the,libeiries of nations have been blotted out,
and the lives of thousands sarriflesti. ,. • '
Wha't we 'tvent now In. Contras/J, is a spirit.
of devotion ' _ to , the laws and principled of 'the
tiovernmeht ; spirit.nr patriotism.' far..
above the ',behests .of• party prejudice, and ig
florins utterry . nil schemes of ['resident making .
or Ittrimakine',. While the energies,of . ninctand.
'lie materiel resources nt the country are sum
mpne4.to the single
,purpose-Of restoring the .
Union to the - basis of the Constitution. •
It Seirator \\r tee hernmeithe.tileork
of,the Aver, there will he no more conititutionit
liberty in.the Itepnhlie at the West. •
A - SAD CAss. ; --011..Wednesday last, is LIe11C:."
Nan Armatt, of the Illinois, Was, ,
paSstog . near . the post'office, lie writ; accosted, by ,•
youttif,“ viromitn,.Who said that, seeing' 'the'
figures, , tsS" on 'his hat, she hoped he 'might be •
able to .tell hoW she could get a letter, to
officer: in that' regiment: He said he' wOuld,be.-
hanny'lophlige. her if he Could. She said /she,
hud.wtitten . • several letter's and received 'nui •
answer. What is the neme'fi' inquired Lieut
Vim A rmati, riLieut. Fife," anSwered the bi
dy. Fam, sorry to say that, Lient. -Fife is
dead; he-was: killed at .Pittsbitrg,'.' 'Said Van
Annan. •The effect was" Alinnailti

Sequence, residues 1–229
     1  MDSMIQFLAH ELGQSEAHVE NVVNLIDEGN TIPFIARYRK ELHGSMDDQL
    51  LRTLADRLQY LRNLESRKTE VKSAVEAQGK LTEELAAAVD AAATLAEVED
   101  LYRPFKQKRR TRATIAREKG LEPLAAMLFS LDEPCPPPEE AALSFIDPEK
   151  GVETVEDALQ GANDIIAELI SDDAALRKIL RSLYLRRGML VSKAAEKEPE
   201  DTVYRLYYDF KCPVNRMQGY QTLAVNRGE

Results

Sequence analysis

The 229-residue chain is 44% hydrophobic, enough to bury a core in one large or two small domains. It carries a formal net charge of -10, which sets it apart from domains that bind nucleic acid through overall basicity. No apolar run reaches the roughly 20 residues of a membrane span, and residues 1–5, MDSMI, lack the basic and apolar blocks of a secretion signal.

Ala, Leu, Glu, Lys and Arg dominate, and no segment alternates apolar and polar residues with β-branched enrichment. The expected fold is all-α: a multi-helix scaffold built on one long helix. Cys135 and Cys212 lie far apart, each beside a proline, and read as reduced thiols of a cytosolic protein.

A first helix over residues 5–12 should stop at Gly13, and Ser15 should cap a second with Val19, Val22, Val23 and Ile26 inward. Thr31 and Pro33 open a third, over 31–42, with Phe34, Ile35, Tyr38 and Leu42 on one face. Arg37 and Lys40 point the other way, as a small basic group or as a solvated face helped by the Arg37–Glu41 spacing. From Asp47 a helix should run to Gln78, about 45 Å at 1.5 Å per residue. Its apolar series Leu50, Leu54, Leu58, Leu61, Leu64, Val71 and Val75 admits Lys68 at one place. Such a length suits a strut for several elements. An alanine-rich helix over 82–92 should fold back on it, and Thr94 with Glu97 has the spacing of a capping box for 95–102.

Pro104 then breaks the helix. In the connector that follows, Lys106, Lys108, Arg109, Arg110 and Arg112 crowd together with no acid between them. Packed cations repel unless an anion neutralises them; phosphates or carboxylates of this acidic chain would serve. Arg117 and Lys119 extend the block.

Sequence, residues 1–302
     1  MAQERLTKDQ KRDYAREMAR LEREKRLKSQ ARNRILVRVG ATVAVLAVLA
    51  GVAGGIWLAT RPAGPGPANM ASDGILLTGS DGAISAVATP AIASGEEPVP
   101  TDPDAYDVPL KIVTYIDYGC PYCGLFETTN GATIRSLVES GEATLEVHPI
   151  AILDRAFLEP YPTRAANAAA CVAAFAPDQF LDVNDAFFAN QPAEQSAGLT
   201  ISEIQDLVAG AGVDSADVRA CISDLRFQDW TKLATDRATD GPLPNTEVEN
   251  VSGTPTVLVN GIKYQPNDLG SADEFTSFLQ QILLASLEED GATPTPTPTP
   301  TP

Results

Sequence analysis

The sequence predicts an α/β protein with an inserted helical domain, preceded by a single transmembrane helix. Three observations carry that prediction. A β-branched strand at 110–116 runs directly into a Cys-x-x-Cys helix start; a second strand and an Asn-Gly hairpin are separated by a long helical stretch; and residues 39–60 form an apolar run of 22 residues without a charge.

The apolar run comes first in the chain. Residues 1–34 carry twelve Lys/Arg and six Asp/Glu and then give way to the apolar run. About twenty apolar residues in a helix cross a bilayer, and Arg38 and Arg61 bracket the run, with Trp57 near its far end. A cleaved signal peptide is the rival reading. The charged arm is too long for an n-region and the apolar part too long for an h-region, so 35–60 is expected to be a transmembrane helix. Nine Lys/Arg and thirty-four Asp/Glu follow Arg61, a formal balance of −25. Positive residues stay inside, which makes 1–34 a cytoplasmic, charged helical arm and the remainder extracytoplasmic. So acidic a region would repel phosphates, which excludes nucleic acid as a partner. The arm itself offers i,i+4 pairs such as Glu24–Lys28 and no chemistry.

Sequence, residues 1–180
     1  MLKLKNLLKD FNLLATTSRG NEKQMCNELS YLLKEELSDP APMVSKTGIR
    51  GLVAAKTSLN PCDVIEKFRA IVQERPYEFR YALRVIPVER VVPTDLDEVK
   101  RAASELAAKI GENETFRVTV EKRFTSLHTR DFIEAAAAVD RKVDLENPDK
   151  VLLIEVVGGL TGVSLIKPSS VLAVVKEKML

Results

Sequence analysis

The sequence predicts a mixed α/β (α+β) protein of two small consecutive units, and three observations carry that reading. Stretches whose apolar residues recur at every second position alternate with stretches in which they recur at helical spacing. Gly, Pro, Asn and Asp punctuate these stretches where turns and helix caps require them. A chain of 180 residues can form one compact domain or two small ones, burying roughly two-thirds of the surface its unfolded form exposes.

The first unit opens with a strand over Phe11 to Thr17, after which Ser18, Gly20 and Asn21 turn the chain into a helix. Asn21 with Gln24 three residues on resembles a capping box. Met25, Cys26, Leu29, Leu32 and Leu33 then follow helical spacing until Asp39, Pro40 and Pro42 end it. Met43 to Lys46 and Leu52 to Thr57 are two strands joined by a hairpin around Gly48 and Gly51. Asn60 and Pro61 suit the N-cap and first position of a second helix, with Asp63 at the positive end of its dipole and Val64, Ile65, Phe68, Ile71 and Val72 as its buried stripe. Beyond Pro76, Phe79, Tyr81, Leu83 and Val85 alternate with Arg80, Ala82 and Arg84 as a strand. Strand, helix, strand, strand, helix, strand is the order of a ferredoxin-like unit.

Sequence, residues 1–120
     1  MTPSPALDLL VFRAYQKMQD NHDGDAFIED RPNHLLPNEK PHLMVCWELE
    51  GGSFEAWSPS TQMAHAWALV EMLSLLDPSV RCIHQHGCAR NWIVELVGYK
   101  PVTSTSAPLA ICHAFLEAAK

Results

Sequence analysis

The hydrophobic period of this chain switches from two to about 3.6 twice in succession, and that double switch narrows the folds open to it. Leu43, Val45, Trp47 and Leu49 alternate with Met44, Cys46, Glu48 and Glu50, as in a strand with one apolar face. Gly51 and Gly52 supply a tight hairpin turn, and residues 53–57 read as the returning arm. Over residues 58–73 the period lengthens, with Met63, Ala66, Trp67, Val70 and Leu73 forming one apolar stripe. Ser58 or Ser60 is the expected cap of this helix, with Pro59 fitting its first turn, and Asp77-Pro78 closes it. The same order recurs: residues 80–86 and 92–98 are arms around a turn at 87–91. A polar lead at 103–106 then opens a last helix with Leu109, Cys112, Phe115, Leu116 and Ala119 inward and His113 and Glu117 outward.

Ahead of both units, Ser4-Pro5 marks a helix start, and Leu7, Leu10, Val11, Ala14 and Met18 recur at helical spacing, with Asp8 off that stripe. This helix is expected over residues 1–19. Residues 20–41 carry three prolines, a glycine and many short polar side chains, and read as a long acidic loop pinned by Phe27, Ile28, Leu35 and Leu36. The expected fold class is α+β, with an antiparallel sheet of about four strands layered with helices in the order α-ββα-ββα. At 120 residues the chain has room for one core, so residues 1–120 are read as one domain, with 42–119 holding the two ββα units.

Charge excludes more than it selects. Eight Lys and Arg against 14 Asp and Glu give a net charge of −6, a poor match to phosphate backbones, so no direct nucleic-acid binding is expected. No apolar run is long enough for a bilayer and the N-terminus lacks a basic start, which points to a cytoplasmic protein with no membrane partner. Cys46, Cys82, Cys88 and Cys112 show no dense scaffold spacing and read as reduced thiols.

stantly the lady sunk to"the' ground,
When r.stored waii.most'distresiing, .
',joie:Fife' Was her. husband. „.13tit Unfortunate -
ty the, sad 'budget of dews we's not all told:'' I t
apnea rs that her fa the r' p.n.s; captain Kurth,.o f
Co. F. ,Regiment, and her 'Uncl •
was First Lieutenant
.Ic.irth, - and. her husban •1
SecondLicutenant of the same Regirnent. Hi 'r
father is now n itrisitier, with the most of h 's
.i . egitn•.itt in the hands or th.e rebels, end' hi .1.
nude ' IN di; wounded severely in the' engag
most. It is rarely. tiritt Such .ti coneentiatit
'of rnistart'une falls Upon a single family,.-0
Sar.nir.da ;I)isaitaca.—Gen. 11allpek :It As
sent tber4,l l 43,l;'slth and 77rh Ohioregitoari tsi
.who ran in a
,panie from tile flak' . at R • ir
tstura Lantiing, in disgrace, to,•garridon 1. ort
DOnriscin: .2 • • . .• •
Sonrt'wsTun of :•WArt..--filiree helf
do4ely.nrititeq' , 6l ,, inni,of the MiesOrtt
,-,,,, of last ther . .ntto,..e4
of sick and tvetinled s!iltlieesi recently? artiy eil
tif:tliateit'y.anti 01: Citrinniiti- ad.
Coirb, rho . stly:.friqii :the 't
. battll6.4i.eld 017,..,
Dr. who was wottailed at .Pittsbarg e
by a Miaie , hall, t says theataaatii3a#na
to that 01,a-4rrirkrt.hlaW , ,there_iknotlii9g..of a.
,miasilaa•tokiag the hPrJes. : ar~tiri•ly,byaui}xiee;.
and tfeatkniag the arijCicent
lionn ca •
FIELD." I I I e
1;114i to 9(11.4; oy:t
of 0110S ; ; ?.b.i.,
Doric eanie g r